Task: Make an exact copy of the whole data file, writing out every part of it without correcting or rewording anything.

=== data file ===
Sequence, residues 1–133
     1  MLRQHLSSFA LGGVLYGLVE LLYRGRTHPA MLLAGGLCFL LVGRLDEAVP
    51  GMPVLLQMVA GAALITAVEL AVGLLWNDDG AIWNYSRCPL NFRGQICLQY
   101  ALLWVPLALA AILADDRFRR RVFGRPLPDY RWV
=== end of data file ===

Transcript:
Sequence, residues 1–133
     1  MLRQHLSSFA LGGVLYGLVE LLYRGRTHPA MLLAGGLCFL LVGRLDEAVP
    51  GMPVLLQMVA GAALITAVEL AVGLLWNDDG AIWNYSRCPL NFRGQICLQY
   101  ALLWVPLALA AILADDRFRR RVFGRPLPDY RWV